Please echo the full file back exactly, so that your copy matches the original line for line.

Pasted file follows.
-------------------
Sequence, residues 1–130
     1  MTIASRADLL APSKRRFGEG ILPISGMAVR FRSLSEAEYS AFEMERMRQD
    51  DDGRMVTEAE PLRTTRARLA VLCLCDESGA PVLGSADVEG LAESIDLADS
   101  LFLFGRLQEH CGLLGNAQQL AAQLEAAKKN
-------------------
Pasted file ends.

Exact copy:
Sequence, residues 1–130
     1  MTIASRADLL APSKRRFGEG ILPISGMAVR FRSLSEAEYS AFEMERMRQD
    51  DDGRMVTEAE PLRTTRARLA VLCLCDESGA PVLGSADVEG LAESIDLADS
   101  LFLFGRLQEH CGLLGNAQQL AAQLEAAKKN